High style on a small ship to historical places
ISTANBUL — What could be better, we thought, than spending eight days cruising the Black Sea aboard a luxury yacht, touring ancient Greek and Roman ruins dotting the coastline and sites such as Balaklava on the Crimean Peninsula.
As we began our Tauck Tours cruise sailing north on the Bosporus toward the Black Sea at sunset, sipping champagne and watching the Istanbul skyline slide by, we knew we had gotten it right.
Tauck is known for high-class, intimate tours. They arrange for guests to see things out of the ordinary and cater to people who expect an intellectual experience and personal attention along with their sightseeing. As you might expect, this is not a low budget experience, but we were not disappointed. The 90-passenger Le Levant was the perfect vessel for getting an intimate glimpse of the countries along the coast while being spoiled on a well-appointed floating inn.
On our trip, the gathering was even more intimate: just 57 passengers.
The “our’’ on this tour was my mother and I. Traveling for fun with a parent as an adult child can be a risky venture. Their delights are not necessarily yours. But if you find a method of travel and the appropriate destination, the time together can be something to be treasured. We had found just that and experienced a memorable trip.
It began with three days of sightseeing in Istanbul before departure. The captain, who met us each as we boarded, was extremely personable. The staterooms were well designed with beds designed to be split in two if needed, a large closet, and plenty of shelves and drawers. The bathroom was large enough to comfortably dry your hair. The shower with both a fixed shower head and a hand-held was circular in design.
There was a small desk and chair, two armchairs, and a flat screen TV with a DVD player. The ship library had a wide selection of movies. Access to the Internet was available (for a fee). None of the rooms had a balcony, but there was plenty of outside space to catch the sun and the sea breezes.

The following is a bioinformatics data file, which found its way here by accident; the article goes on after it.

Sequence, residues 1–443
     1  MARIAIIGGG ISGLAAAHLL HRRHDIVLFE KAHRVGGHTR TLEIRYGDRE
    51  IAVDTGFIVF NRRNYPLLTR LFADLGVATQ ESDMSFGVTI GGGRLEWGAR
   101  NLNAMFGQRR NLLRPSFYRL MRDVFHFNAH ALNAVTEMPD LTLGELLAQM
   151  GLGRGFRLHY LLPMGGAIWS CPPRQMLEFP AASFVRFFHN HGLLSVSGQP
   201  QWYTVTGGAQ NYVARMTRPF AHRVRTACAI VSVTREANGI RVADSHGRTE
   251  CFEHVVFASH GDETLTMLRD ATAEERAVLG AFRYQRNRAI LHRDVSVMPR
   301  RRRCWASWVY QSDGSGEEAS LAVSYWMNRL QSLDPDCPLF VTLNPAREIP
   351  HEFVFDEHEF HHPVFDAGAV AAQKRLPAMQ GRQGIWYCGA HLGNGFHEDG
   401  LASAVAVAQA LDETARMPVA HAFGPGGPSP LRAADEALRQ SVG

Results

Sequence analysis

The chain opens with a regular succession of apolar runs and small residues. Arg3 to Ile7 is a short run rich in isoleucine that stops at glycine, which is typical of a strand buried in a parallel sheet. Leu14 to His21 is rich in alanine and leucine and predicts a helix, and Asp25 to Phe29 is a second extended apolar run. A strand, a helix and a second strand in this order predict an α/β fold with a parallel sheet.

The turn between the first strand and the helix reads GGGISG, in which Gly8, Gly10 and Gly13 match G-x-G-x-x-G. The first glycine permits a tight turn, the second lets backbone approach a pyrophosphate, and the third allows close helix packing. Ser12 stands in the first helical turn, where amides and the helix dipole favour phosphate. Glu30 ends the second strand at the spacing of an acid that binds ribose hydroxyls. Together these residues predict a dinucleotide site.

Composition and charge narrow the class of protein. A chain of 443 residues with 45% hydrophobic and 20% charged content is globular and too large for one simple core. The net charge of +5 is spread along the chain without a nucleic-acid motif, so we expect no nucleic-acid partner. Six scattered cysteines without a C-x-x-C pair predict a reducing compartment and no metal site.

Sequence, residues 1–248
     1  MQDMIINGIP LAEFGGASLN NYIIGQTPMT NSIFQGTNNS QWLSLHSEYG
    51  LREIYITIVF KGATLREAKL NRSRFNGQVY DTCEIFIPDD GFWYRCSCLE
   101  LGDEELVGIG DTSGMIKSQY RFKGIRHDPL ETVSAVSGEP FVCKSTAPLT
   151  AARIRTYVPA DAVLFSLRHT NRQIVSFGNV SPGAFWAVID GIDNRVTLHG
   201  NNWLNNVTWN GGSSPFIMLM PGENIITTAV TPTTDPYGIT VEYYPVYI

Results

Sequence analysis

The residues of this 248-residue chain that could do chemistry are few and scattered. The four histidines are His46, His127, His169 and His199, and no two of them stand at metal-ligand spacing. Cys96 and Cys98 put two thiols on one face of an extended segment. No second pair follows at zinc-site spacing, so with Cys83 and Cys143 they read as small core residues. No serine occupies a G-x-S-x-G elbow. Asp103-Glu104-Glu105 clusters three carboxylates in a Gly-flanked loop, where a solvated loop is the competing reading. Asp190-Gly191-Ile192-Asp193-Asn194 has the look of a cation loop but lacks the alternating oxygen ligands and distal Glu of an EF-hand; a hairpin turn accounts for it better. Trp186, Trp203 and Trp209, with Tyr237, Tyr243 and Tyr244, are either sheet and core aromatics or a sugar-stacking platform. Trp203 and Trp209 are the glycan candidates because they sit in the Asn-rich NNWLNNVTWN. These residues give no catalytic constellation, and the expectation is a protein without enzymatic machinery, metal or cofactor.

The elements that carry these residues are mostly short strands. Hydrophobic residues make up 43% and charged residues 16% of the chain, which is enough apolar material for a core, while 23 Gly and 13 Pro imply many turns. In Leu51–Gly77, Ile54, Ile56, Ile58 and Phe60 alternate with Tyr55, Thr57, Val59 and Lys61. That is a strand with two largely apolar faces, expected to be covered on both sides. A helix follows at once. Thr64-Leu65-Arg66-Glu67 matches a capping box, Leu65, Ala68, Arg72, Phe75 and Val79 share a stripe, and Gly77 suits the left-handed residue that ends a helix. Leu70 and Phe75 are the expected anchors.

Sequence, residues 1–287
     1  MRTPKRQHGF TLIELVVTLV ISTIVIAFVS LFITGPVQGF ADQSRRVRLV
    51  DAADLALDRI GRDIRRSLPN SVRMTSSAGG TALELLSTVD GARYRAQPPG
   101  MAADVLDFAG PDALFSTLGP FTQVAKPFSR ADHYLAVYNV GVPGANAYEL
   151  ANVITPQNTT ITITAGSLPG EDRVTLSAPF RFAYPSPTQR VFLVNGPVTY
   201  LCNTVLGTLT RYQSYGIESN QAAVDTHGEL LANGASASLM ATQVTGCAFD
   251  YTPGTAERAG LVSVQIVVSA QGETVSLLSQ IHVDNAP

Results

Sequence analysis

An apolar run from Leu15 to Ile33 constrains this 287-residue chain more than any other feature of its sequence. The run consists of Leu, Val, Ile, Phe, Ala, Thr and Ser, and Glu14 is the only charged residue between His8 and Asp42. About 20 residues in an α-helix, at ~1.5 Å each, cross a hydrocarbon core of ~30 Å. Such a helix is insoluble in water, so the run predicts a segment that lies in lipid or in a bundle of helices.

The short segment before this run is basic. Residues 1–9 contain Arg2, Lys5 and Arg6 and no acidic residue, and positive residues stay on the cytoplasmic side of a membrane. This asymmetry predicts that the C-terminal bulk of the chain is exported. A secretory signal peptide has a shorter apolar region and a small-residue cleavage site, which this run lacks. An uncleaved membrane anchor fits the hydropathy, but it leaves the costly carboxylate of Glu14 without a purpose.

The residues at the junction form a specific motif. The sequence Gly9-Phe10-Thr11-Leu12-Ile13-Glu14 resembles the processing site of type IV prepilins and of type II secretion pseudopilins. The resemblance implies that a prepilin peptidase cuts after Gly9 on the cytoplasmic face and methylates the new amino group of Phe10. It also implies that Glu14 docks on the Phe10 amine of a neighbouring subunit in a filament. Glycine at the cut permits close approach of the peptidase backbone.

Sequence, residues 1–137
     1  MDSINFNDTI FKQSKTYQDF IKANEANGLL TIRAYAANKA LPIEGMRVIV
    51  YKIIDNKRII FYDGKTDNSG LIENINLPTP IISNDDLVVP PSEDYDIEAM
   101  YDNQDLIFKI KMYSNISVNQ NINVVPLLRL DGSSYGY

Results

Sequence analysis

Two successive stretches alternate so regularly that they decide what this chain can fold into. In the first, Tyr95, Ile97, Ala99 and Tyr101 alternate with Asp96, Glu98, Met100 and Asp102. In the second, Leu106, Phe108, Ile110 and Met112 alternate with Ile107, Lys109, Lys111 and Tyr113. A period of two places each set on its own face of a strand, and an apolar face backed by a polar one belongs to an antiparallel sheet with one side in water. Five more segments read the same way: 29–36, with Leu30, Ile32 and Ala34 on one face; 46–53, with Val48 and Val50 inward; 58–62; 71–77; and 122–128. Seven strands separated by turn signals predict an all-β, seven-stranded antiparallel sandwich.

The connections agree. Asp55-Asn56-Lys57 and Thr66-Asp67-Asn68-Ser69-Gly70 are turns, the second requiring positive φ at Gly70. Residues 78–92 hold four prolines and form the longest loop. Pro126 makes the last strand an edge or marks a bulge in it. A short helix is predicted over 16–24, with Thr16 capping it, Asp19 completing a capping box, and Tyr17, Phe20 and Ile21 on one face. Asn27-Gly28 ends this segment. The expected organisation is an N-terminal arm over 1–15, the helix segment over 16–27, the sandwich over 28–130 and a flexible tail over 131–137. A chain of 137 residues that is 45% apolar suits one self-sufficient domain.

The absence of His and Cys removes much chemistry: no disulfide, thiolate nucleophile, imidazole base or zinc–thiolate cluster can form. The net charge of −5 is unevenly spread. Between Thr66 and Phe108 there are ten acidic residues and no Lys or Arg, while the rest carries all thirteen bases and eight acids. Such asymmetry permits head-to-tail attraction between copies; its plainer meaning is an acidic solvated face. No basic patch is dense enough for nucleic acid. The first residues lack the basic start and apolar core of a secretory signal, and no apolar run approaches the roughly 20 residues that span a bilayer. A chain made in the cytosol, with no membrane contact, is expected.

The bar on the pool deck served tropical drinks during the day and the large cocktail lounge with a grand piano hosted afternoon tea, the nightly cocktail hour, and a nightly DJ after dinner. The ship had two dining facilities: casual for breakfast and lunch and formal for dinner. There was a beauty salon and fitness room. The crew numbered around 50.
All drinks during the cocktail hour were included for Tauck guests as was unlimited house wine with dinner. Dinners were three or four courses with a meat or fish choice, though one night was a barbecue buffet. The first night the waiters wore white gloves and our dinners arrived under silver covers that were removed in unison as they were served. The dining room had 12 tables for eight or 10 set with floor-length white tablecloths and stunning flower arrangements. The waiters quickly learned our names and preferences. From that point on, at lunch and dinner, one of the waitstaff always remembered that Miss Lorraine — as they called Mom — preferred skim milk with her meals.
The Levant’s size enabled us to dock on the shoreline wherever we went. At every stop, a tour bus with plush seats, large windows, air conditioning, and a bathroom was waiting for us a few feet from the ship. In addition to our tour director, Tauck provided two native guides at each stop.
Our first two excursions (Nessebar, Bulgaria, a UNESCO World Heritage Site, and Constanta, Romania) were sleepy fishing villages nestled among Greek and Roman ruins that become bustling summer beach resorts in season. As well as exploring the historical sections, Tauck had arranged special visits in each country: a mountainside farm in Bulgaria, where two of our fellow passengers were dressed in local folk costumes and we sampled yogurt and pastries, and then lunch at a winery with folk dancers as entertainment; and in Romania, a downtown shopping area and then lunch at a seaside resort.
Odessa was the first of three stops in Ukraine. We saw important sights, the Odessa National Academic Theater of Opera and Ballet, the Potemkin Steps, and the promenade along the seashore. But Tauck took it a step further: We were serenaded by a string duet from the local conservatory in the underground passageway of the Fine Arts Museum while sipping native sparkling wine.
The Crimean Peninsula was the site of our last two stops. The weather in this area is more like the Mediterranean than in the rest of the Black Sea, thanks to the Crimean Mountains blocking the cold north winds. It has long been a coveted vacation spot.
Sevastopol, our first city, is a natural harbor and has been a naval base since the time of Catherine the Great. When it was part of the former Soviet Union, it was closed to outsiders until 1995, particularly because of its nearness to the former super secret submarine base carved into and under a mountain. Walking into the dark and imposing entry of the now historical museum immediately brings up images of old James Bond movies.
Last up was Yalta, famous for the conference where Stalin, Churchill, and Roosevelt divided Europe as World War II drew to a close. The area had long been used as a favorite vacation retreat of the czars.
Our last day was spent at sea, giving us a chance to reflect on our adventure, exchange contact information, and pack up for our trip home. A farewell dinner followed a champagne cocktail party and was an excellent four-course affair where the silver domes reappeared.
We had explored off the beaten track, piqued our curiosity, and been pampered. A nearly ideal trip.
Deborah Etzel can be reached at TawnyLeather@gmail.com.